22 3–0
23 19 September 2012 Tynecastle Stadium, Edinburgh, Scotland   Scotland 0–2 0–5 UEFA Women's Euro 2013 qualifying
24 0–3
25 24 October 2012 Philips Stadion, Eindhoven, Netherlands   Netherlands 1–1 1–1 Friendly
26 6 March 2013 Stade Marcel Picot, Tomblaine, France   Brazil 1–1 2–2 Friendly
27 12 July 2013 Idrottsparken, Norrköping, Sweden   Russia 3–0 3–1 UEFA Women's Euro 2013
28 18 July 2013 Arena Linköping, Linköping, Sweden   England 1–0 3–0 UEFA Women's Euro 2013
29 25 October 2013 Stade Pierre Brisson, Beauvais, France   Poland 1–0 6–0 Friendly
30 3–0
31 23 November 2013 Lovech Stadium, Lovech, Bulgaria   Bulgaria 0–10 0–10 2015 FIFA Women's World Cup qualification
32 28 November 2013 MMArena, Le Mans, France   Bulgaria 2–0 14–0 2015 FIFA Women's World Cup qualification
33 7–0
34 10–0
35 14–0
36 20 August 2014 József Bozsik Stadium, Budapest, Hungary   Hungary 0–1 0–4 2015 FIFA Women's World Cup qualification
37 0–2
38 22 November 2014 Stade Francis Le Basser, Laval, France   New Zealand 1–0 2–1 Friendly
39 26 November 2014 Stade de Gerland, Lyon, France   Brazil 1–0 2–0 Friendly
40 8 February 2015 Stade du Moustoir, Lorient, France   United States 1–0 2–0 Friendly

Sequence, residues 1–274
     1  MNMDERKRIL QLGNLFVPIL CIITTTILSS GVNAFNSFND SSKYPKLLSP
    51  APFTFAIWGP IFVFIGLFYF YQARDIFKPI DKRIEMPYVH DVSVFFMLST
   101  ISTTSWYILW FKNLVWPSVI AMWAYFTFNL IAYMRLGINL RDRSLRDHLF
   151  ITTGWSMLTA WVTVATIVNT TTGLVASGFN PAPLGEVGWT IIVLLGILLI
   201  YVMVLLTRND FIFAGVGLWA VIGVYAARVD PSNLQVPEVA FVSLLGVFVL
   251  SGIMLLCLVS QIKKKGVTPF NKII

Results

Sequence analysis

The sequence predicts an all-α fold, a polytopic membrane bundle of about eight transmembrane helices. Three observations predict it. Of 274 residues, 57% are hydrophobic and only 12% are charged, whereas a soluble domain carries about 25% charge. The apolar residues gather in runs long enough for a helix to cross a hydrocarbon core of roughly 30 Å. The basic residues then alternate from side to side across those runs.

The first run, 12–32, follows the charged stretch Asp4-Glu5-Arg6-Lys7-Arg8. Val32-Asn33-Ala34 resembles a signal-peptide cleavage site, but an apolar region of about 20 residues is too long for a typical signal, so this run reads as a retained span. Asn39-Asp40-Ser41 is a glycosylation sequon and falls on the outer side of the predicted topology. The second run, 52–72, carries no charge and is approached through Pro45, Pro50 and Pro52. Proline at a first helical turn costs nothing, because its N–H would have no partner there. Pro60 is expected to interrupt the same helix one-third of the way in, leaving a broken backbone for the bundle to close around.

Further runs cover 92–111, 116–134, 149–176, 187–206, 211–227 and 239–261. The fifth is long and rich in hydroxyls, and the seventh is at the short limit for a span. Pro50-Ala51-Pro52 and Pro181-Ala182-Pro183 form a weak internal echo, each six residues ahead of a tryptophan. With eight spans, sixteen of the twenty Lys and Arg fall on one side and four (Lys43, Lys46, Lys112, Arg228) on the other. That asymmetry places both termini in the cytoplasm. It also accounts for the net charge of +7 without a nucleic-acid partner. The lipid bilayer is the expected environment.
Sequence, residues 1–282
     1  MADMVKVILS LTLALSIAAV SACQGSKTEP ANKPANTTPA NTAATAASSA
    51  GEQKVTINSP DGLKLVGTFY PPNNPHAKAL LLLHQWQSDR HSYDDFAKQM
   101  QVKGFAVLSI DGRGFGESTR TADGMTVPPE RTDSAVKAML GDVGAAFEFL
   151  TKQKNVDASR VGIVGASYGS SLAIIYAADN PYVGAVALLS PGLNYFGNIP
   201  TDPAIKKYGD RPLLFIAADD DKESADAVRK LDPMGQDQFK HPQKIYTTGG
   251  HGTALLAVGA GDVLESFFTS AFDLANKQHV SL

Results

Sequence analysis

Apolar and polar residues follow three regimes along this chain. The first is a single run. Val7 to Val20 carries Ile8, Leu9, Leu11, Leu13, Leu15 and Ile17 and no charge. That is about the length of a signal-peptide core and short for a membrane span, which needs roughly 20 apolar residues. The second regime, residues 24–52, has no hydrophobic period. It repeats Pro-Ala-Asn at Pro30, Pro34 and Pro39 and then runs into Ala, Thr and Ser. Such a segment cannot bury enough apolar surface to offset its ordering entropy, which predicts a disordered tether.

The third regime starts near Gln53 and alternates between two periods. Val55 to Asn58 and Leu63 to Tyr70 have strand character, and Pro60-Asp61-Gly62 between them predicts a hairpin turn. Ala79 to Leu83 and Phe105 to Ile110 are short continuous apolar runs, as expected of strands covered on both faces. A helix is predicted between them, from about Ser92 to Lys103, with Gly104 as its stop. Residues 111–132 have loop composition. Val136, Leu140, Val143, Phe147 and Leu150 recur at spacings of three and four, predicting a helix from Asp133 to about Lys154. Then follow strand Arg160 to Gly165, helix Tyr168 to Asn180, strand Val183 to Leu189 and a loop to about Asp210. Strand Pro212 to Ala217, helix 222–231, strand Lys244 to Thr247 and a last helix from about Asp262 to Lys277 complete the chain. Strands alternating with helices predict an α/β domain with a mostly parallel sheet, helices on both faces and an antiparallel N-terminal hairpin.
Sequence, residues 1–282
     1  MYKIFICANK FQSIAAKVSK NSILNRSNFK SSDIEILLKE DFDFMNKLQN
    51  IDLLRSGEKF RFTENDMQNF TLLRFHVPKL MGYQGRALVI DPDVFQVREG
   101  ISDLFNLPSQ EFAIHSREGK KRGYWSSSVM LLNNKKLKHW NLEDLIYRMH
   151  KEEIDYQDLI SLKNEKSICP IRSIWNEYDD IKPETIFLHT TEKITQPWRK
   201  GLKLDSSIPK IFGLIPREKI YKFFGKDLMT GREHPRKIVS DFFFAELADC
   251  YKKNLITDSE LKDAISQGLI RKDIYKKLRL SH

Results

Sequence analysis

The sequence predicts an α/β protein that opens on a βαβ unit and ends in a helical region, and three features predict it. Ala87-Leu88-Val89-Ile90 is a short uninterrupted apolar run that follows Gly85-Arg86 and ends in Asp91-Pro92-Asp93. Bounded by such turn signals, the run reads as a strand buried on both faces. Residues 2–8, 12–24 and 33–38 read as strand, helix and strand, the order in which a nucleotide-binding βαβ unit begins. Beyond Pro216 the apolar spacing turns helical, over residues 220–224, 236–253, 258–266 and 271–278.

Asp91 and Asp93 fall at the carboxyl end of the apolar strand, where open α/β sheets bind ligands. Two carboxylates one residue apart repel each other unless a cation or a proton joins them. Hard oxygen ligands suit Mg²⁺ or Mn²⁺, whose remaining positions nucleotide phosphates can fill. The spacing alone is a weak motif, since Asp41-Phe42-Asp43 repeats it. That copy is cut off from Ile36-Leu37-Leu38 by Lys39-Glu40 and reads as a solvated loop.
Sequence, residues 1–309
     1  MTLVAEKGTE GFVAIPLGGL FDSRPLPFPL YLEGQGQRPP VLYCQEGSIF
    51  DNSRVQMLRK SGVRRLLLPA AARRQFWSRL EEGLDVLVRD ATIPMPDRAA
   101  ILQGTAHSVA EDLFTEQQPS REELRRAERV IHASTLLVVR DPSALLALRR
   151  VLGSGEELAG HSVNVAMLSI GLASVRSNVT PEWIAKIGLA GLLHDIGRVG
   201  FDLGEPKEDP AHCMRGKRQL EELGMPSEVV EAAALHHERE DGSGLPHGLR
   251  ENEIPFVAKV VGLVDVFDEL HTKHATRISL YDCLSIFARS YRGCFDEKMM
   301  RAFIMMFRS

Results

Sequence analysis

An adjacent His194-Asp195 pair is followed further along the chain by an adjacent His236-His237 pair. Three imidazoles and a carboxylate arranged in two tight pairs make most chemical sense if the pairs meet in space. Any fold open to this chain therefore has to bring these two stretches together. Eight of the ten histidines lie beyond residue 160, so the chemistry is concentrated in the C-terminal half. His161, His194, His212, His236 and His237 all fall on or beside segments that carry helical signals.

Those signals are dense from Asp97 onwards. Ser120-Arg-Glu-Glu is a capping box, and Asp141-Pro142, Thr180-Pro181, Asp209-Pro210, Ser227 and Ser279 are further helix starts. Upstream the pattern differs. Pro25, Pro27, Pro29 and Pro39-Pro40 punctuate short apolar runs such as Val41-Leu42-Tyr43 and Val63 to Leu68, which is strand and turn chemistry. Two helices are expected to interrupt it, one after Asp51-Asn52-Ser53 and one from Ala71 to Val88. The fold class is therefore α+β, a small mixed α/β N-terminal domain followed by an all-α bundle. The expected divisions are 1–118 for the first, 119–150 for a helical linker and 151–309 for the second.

41 4 March 2015 Stadium Bela Vista, Parchal, Portugal   Portugal 0–1 0–1 2015 Algarve Cup
42 6 March 2015 Stadium Bela Vista, Parchal, Portugal   Denmark 1–0 4–1 2015 Algarve Cup
43 9 March 2015 Stadium Bela Vista, Parchal, Portugal   Japan 1–2 1–3 2015 Algarve Cup
44 9 April 2015 Stade Robert Bobin, Bondoufle, France   Canada 1–0 1–0 Friendly
45 9 June 2015 Moncton Stadium, Moncton, Canada   England 1–0 1–0 2015 FIFA Women's World Cup
46 17 June 2015 Lansdowne Stadium, Ottawa, Canada   Mexico 0–3 0–5 2015 FIFA Women's World Cup
47 0–4
48 22 September 2015 MMArena, Le Mans, France   Romania 2–0 3–0 UEFA Women's Euro 2017 qualifying
49 3–0
50 27 November 2015 Qemal Stafa Stadium, Tirana, Albania   Albania 0–3 0–6 UEFA Women's Euro 2017 qualifying
51 0–6
52 1 December 2015 Katerini Stadium, Katerini, Greece   Greece 0–3 0–3 UEFA Women's Euro 2017 qualifying